British Columbia is famous for freshwater and saltwater fishing. Sport fishing the lakes and rivers in BC for Pacific salmon, steelhead and trout is only surpassed by saltwater flyfishing and bottom fishing for halibut from the west coast of Vancouver Island. Sturgeon fishing in the Fraser River in Vancouver is legendary, as are the rustic fishing lodges and luxury sportfishing resorts on coastal BC and Haida Gwaii and the many islands in the province.

Fly Fishing in British Columbia attracts anglers from around the World.

Fishing Guides in British Columbia

Fishing Resorts & Lodges in British Columbia

Other Fishing Services in British Columbia

Fishing Information by Region of British Columbia

General Fishing Information

BC Sport Fishing Guide and Canadian Tide Tables

The BC Sport Fishing Guide by Fisheries and Oceans Canada provides all the information required for fishing in the province, fishing regulations, getting a fishing licence, licence fees and regulations, in-season fishing decisions, unlawful practices, packaging of fish for transport, and reporting of fishing violations. For fishing updates by phone, call the 24-hour phone line to get red tide and sanitary closure updates, fishery openings and closures, and other info for your area: 1-866-431-3474 or 604-666-2828. Canadian Tide Tables are also available from Fisheries and Oceans Canada.

Freshwater Fishing

There are so many fishable lakes in British Columbia that even if you managed to try a different one each day of the year, you would have to start young and have a very long life (and maybe a floatplane) to visit them all. Hundreds of pleasant lakes are easily reached and fished with just a vehicle with good ground clearance, a car-top or inflatable boat or float tube, and the right fishing tackle.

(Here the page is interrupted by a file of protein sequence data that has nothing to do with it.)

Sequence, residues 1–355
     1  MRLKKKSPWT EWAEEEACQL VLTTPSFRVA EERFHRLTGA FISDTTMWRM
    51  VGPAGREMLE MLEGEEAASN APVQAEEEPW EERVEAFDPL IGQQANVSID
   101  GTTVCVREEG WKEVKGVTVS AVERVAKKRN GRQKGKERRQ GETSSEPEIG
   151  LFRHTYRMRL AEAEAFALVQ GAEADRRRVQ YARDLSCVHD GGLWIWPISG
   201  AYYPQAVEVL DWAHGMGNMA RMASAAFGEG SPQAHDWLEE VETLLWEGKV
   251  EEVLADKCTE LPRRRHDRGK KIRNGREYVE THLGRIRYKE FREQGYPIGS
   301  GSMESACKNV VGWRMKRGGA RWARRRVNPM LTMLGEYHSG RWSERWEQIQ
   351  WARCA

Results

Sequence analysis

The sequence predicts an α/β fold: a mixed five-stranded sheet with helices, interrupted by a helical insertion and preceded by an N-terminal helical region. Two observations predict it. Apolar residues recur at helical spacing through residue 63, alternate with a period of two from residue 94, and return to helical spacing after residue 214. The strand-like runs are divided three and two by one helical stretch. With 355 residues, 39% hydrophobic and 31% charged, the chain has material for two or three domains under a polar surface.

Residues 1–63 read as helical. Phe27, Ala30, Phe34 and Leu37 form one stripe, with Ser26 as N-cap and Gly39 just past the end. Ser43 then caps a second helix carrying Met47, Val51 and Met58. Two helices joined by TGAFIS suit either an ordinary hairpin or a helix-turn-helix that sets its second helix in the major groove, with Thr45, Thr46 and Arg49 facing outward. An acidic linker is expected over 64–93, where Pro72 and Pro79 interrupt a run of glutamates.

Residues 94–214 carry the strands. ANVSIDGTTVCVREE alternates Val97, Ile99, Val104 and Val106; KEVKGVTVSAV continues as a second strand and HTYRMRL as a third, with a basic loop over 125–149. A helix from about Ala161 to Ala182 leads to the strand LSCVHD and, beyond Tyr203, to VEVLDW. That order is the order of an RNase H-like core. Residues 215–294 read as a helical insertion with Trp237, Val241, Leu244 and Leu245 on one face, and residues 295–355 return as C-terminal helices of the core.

Catch-and-release with a single barbless hook has become the official operative byword for those anglers fishing ocean-bound streams and rivers in BC. Attitude means a lot in fishing. Remember that the essence of sport angling is to try to hook a fish on the most sporting terms you can handle, from light tackle with artificial lures, barbless hooks, and delicate leaders to a belief that a trout is much more valuable as a living challenge to your skill than as part of a meal.

Saltwater Fishing

Salmon are the sportfish of choice in BC’s marine waters. Depending on the time of year, you’ll find chinook (also called king or spring salmon, or tyee if over 30 pounds/13.5 kg), coho (also called silver, blueback, or northern salmon), sockeye, or pink (also called humpy salmon). Coho aren’t the biggest salmon, but they are the most sought after, as they jump and fight like trout. Sockeye are the tastiest salmon of all, while Pinks are similar in size but not as tasty.

It’s a mystery, but fish – oceangoing and freshwater alike – are hungriest just as a slack tide is beginning to fall, and for an hour thereafter. Another well-considered tip is that the best time to fish in ocean waters is an hour before and after both high and low tides. That’s just some of the fishing lore that you’ll encounter when tossing a line in BC waters.